If you’re like me and found yourself being plagued by the proxy error message on Netflix, forced to exit out of your favorite shows and instead read a book in your down time (the horror), you might be feeling the withdrawal symptoms after a long month without your favorite forms of entertainment. While I may not be able to fix all of your problems, hopefully this list of show recommendations you can still enjoy on Netflix and alternative sites can relieve some of the angst. Either way, my friends, read on to see one Netflix addict’s greatest solutions and substitutions.
Don’t Trust the B—- in Apt 23
The only downside to this show is that only two seasons (a pathetic combined 26 episodes) were made. In this comedy, naive do-gooder Midwesterner June moves to NYC with her whole life set up, until it falls apart and she’s stuck with her psycho roommate Chloe. (Chloe is the bitch in apartment 23, by the way.) Anyhow, it’s a really funny show, Eric Andre plays June’s best friend! And Chloe’s character is very unique and charming. I’d definitely give it a shot. Just try not to get too attached because it ends far too quickly.
That 70s Show
This has actually been my show of choice the past few weeks (goodbye Friends, Arrested Development and It’s Always Sunny in Philadelphia). The show, which follows a motley gang of high schoolers in a boring Wisconsin suburb in the 70s, is an easy-to-watch comedy instead of an angsty teen drama, so it’s nice to play in the background or during downtime. No cliffhangers to drive you crazy, and it’s good enough to watch episodes on end but not annoyingly cliche or dramatic. The most refreshing character is Donna, the hot girl next door and girlfriend of the slightly-nerdy main character, who is ambitious, intelligent and has no interest in conforming to the strict gender roles of the time. Entertaining, relatable and with eight seasons available on Netflix even with the proxy, That 70s Show is always a good option.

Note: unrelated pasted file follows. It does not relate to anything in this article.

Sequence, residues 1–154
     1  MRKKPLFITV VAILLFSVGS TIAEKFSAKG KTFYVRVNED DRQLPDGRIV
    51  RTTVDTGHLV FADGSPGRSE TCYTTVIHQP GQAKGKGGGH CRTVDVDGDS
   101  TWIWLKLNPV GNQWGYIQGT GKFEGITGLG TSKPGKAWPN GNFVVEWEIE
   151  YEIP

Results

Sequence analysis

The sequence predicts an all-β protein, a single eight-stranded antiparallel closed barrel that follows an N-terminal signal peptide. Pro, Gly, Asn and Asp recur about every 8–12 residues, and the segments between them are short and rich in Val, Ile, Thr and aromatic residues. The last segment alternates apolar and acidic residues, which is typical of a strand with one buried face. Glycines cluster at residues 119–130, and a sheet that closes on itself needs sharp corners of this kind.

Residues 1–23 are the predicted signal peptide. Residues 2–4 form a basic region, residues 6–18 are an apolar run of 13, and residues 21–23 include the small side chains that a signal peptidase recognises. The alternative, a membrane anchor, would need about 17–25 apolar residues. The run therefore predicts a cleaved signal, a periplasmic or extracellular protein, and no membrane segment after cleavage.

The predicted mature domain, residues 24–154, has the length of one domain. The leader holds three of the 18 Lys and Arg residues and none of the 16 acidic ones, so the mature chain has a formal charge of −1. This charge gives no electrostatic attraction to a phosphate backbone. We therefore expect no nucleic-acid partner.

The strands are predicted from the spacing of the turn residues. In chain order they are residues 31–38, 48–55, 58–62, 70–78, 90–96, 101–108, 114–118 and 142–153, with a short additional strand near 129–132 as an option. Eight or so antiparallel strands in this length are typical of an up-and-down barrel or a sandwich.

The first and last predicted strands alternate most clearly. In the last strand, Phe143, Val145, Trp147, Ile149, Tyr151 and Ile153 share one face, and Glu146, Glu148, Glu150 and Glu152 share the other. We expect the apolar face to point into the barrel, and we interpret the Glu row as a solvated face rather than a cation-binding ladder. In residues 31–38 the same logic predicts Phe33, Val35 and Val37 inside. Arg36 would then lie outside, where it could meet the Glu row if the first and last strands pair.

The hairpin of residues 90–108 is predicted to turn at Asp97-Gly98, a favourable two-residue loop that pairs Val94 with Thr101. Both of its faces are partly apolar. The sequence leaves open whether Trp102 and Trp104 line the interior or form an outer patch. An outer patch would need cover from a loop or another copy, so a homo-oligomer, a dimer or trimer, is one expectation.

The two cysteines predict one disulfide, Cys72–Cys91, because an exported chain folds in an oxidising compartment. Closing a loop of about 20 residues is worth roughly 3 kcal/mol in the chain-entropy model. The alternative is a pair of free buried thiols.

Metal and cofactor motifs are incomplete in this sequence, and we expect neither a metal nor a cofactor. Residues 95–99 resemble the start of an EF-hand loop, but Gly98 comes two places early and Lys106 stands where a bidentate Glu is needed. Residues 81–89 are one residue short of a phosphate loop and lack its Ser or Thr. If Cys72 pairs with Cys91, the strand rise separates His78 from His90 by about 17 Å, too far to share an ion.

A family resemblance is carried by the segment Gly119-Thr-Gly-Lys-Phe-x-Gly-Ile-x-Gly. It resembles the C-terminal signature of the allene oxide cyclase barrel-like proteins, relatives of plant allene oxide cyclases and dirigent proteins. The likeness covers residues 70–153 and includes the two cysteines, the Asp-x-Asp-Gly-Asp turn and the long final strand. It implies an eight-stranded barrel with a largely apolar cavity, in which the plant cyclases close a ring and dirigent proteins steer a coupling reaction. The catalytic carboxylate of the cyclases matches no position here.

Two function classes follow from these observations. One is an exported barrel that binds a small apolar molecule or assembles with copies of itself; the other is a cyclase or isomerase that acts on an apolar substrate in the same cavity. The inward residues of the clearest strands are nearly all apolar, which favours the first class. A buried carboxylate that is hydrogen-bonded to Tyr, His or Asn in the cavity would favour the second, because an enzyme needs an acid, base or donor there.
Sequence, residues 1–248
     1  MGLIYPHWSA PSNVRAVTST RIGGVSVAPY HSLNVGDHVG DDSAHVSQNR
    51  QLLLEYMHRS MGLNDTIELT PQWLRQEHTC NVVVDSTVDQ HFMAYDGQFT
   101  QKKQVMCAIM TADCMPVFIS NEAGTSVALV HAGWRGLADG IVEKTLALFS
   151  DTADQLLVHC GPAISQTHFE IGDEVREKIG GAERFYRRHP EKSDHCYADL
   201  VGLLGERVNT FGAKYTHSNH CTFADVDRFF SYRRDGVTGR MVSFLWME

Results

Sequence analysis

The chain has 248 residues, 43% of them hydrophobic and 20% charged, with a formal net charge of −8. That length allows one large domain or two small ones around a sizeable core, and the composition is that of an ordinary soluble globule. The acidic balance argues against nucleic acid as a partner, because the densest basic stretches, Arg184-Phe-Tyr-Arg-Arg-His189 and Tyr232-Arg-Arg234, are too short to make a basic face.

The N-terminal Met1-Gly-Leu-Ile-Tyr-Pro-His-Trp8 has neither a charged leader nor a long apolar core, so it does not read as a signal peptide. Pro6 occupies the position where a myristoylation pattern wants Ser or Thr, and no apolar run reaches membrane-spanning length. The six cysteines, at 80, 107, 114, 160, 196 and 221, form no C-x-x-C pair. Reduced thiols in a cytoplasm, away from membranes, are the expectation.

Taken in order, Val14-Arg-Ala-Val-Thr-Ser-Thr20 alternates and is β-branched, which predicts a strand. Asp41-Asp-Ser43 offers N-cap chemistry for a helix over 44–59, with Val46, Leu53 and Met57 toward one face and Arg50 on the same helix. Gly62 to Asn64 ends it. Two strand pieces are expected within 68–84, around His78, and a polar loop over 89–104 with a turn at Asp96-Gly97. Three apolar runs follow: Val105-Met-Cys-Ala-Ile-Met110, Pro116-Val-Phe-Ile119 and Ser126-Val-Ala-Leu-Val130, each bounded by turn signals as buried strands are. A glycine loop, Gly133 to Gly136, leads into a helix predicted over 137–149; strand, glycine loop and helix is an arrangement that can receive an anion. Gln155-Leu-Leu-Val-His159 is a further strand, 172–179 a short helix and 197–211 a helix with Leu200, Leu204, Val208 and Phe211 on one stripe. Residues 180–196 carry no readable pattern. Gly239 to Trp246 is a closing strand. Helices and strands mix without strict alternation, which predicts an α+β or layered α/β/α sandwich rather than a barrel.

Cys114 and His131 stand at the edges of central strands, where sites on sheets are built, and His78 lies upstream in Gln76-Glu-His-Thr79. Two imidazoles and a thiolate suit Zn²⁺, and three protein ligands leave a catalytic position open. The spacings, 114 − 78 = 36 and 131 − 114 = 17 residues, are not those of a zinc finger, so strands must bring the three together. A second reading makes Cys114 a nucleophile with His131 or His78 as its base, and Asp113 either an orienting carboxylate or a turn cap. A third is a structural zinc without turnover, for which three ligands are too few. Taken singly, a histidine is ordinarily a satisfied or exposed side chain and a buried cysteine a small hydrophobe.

Freaks and Geeks
Similar to Don’t Trust the B, the only disappointing thing about this show is how short it is. 18 one-hour-long (but without commercials only 40-45 minute) episodes make up the first and only season that follows a gang of high schoolers in the 80s. The main character, Lindsay Weir, is just starting to stray from her academic status as a geek when she starts hanging out with the school “freaks”. Freaks as they may be, you’ll definitely see a few familiar faces- this is one of the first projects James Franco and Seth Rogan worked together on. Jason Segal (Marshall from “How I Met Your Mother”) also plays a large role. The show also follows Lindsay’s little brother and his two incredibly endearing nerdy friends. Creator Paul Feig and producer Judd Apatow do an amazing job of creating a high school scenario that isn’t dumb or typical. All the characters are very realistic and relatable. You don’t need to worry about finishing it. The show isn’t a comedy or a drama, it’s just good.
Jane the Virgin